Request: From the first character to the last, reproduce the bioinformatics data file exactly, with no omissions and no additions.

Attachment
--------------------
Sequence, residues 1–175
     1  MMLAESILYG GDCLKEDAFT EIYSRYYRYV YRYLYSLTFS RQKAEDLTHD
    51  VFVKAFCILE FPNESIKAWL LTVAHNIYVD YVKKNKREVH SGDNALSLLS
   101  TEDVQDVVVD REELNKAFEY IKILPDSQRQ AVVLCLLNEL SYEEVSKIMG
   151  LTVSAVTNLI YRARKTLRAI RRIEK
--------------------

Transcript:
Sequence, residues 1–175
     1  MMLAESILYG GDCLKEDAFT EIYSRYYRYV YRYLYSLTFS RQKAEDLTHD
    51  VFVKAFCILE FPNESIKAWL LTVAHNIYVD YVKKNKREVH SGDNALSLLS
   101  TEDVQDVVVD REELNKAFEY IKILPDSQRQ AVVLCLLNEL SYEEVSKIMG
   151  LTVSAVTNLI YRARKTLRAI RRIEK